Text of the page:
The form allows EU users to ask search engines to remove results for queries that include their name where those results are “inadequate, irrelevant or no longer relevant, or excessive in relation to the purposes for which they were processed.”.
This is clearly narrower than the full scope of the right granted by the judgment.
" As regards Article 12(b) of Directive 95/46, the application of which is subject to the condition that the processing of personal data be incompatible with the directive, it should be recalled that, as has been noted in paragraph 72 of the present judgment, such incompatibility may result not only from the fact that such data are inaccurate but, in particular, also from the fact that they are inadequate, irrelevant or excessive in relation to the purposes of the processing, that they are not kept up to date, or that they are kept for longer than is necessary unless they are required to be kept for historical, statistical or scientific purposes." [emphasis added][italics added][para 92]Only the parts of the judgment in italics above have currently been implemented. Strange that the form does not specify "inaccuracy" as a ground which is clearly signposted by the judgment, though was not true in the actual case of Mr Costeja Gonzalez.
Art 12 (b) actually specifies that rectification, erasure or blocking can be obtained, inter alia, if data is "incomplete or inaccurate" (the word "incomplete" not cited by ECJ) and more generally as noted above if it is "incompatible with the Directive".
What does this mean?
I would argue these are all possible claims to Google to ask to have links removed-
- a celebrity who has changed their image since a picture was put online ("inaccurate")
- a celebrity who has not changed their image but for whom the picture is unflattering in relation to the whole corpus of their online photos eg taken from a bad angle or on a bad hair day ("incomplete")
- a celebrity who at one point contractually agreed to have pictures taken and posted but who has now changed their mind about their dissemination on the Internet (after having been paid in full?) , Because they have withdrawn consent as a ground for processing , processing is now "incompatible with the Directive"
In short Google are, perhaps, currently (understandably) attempting to dodge the bullet of implementing a full blown EU image right (for countries many of which have no such thing, or not in clear statutory terms) by dressing up their offering with the language of history, reputation and freedom of expression. One can understand why. There will be many other edge cases to come.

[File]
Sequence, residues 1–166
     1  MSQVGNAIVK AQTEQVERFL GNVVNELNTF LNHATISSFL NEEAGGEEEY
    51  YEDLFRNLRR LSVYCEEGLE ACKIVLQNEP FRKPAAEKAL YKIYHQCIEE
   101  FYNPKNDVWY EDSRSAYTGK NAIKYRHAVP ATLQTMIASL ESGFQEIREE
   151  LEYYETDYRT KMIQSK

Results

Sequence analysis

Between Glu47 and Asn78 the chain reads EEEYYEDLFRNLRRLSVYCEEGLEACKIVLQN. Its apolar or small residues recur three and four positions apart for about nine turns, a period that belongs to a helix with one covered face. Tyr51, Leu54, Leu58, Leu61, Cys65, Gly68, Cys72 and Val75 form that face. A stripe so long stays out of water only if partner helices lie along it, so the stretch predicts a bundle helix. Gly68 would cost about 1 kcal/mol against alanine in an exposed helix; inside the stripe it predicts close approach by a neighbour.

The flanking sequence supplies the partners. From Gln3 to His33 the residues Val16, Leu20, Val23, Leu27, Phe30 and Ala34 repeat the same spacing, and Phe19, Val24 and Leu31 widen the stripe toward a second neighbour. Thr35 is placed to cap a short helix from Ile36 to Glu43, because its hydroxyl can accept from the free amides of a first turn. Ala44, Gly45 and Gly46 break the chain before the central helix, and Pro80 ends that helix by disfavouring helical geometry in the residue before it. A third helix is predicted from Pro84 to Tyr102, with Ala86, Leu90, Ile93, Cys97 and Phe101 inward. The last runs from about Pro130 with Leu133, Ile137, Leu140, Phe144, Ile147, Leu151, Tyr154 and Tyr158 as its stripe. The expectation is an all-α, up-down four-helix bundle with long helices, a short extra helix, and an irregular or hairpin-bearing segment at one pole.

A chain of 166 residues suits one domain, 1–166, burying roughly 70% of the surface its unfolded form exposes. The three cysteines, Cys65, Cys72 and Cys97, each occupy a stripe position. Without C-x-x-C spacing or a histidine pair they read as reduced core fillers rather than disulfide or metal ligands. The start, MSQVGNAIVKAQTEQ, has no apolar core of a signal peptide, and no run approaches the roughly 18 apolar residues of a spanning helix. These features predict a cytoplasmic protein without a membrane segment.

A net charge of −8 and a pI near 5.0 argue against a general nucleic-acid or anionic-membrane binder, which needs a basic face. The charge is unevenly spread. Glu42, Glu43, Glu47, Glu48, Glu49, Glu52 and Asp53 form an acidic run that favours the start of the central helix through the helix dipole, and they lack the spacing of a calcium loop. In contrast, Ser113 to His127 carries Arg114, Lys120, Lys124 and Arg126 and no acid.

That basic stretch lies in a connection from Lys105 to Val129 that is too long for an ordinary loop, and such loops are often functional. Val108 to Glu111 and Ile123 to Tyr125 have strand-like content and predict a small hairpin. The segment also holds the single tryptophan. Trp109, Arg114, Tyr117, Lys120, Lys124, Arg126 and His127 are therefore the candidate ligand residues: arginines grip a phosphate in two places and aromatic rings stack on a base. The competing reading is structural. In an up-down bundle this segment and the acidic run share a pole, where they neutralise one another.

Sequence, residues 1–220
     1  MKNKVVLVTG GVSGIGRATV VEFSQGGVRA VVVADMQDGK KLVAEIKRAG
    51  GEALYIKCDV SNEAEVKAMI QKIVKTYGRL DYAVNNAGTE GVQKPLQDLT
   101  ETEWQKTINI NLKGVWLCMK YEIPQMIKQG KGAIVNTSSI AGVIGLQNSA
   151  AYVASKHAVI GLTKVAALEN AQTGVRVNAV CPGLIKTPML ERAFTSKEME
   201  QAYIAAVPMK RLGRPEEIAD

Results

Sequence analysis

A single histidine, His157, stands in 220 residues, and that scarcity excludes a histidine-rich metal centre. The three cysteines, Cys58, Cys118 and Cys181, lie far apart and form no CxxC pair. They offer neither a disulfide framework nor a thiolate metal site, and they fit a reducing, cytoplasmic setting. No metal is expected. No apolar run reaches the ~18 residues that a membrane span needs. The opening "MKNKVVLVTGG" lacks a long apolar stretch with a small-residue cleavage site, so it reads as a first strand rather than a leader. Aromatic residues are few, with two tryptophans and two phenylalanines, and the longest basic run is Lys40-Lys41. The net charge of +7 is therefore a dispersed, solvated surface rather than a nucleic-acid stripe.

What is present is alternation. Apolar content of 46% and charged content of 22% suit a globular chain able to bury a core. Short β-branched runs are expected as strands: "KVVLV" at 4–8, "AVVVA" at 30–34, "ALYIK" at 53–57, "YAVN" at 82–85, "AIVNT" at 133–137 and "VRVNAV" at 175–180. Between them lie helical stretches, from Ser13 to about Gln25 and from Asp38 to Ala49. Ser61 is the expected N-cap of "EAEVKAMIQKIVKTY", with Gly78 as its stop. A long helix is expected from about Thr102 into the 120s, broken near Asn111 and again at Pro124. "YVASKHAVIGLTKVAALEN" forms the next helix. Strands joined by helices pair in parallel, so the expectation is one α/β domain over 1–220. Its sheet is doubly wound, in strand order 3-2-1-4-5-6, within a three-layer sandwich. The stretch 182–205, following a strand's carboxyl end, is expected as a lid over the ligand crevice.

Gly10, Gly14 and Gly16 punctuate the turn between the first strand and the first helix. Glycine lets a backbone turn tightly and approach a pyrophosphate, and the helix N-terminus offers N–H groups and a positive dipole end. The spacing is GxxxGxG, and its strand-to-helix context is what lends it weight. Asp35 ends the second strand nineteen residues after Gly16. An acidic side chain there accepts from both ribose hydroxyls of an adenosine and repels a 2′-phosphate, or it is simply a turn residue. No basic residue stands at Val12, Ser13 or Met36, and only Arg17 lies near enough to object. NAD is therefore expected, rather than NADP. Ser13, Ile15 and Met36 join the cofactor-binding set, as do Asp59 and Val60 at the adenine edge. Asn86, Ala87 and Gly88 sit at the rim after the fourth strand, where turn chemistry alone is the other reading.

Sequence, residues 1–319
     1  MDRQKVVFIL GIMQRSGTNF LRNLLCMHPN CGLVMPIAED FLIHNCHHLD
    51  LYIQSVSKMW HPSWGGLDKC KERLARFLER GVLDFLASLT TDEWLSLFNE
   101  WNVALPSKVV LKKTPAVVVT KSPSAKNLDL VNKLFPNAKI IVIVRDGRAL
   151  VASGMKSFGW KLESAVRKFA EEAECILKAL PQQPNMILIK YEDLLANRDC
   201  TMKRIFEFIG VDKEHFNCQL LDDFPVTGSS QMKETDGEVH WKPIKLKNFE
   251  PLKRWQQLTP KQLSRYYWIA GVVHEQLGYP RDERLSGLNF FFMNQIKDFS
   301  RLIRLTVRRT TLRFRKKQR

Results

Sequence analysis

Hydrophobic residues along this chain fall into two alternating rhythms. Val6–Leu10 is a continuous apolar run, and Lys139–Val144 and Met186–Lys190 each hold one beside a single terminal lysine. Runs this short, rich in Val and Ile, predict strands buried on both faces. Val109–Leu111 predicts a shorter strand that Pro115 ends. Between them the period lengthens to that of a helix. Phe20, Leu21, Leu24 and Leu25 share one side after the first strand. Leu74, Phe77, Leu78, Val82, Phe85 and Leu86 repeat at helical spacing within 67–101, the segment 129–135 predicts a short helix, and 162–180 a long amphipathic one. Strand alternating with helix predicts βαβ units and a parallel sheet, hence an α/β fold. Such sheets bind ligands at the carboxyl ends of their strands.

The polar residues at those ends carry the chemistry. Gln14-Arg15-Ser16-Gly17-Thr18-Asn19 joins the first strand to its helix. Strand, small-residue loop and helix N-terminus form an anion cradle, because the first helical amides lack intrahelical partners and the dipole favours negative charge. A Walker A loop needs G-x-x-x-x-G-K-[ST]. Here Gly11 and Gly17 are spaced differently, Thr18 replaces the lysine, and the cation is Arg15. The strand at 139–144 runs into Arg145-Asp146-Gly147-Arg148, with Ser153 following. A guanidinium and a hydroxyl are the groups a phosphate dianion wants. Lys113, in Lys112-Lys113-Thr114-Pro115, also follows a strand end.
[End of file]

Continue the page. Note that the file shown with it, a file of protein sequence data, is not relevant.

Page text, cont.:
The form itself is mainly pretty sane. A few points are worth pointing out:
- they are choosing not to roll the right out to non EU citizens. I thought there was a chance in the interests of harmonisation/efficiency they might have done. Since Google is a private company not the government, my view is this would have simply been a private choice, not a breach in any way of First Amendment, and so viable (see CyberPromotions v AOL, waaay back in l996, though have we had the judicial discsusion since as to whether Google is more like a "traditional public form" now than AOL was?) That would have been unlikely given the likely shrieks of tarnishing of free speech in the US but would have made the process of identifying an EU citizen uneccessary (see below) and would have been extremely fun to watch:) (Plus, recall that California is rolling out the right to be forgotten to minors anyway from 2015 - though whether this survives Constitutional challenge is also as yet unclear.) Wouldn't Google have got lots of brownie points for offering US citizens extra privacy rights in the post Snowden backlash era? or would the civil rights lobby for speech make their lives not worth willing? maybe one to watch for the future if the EU experience pans out well?
- they are choosing to (they say) do an initial assessment in-house of privacy claim vs public interest in freedom of expression and historical record.
"When evaluating your request, we will look at whether the results include outdated information about you, as well as whether there’s a public interest in the information—for example, information about financial scams, professional malpractice, criminal convictions, or public conduct of government officials."
Again I thought they might choose path of least resistance, which would have been simple take down on request, and wait for someone else to complain and then demand adjudication to put back, as with DMCA take downs, but no. The problem of course with applying the DMCA "put back"model to the right to be forgotten is that here there is no-one who has a clear agenda (or funding) to oppose take down. As I noted on Twitter with privacy even in Europe there is no relevant organisation: the role of the DP authority is to protect privacy rights, not freedom of speech and they have no training or aptitude, or , again, funding, to take on a kind of historical assessment or investigatory role.
- Identification of claimant was going to be the toughest one. The routes chosen are the obvious ones and can of course be easily faked but should mainly do the job; choosing a digital signature would have been v onerous. Will we see US citizens faking up EU credentials to get stuff removed? Of course in most cases Google's own database would provide the evidence of the true national identity (needed of course to serve the right ads, and in the right language) - but will they set their investigatory algorithms up to find this out? Probably.
We don't have any indication how many people will be in the evaluation team, how far the investigation will be done solely by automated means (maybe) and if the results will go in the Transparency Report (probably).
Fun times ahead!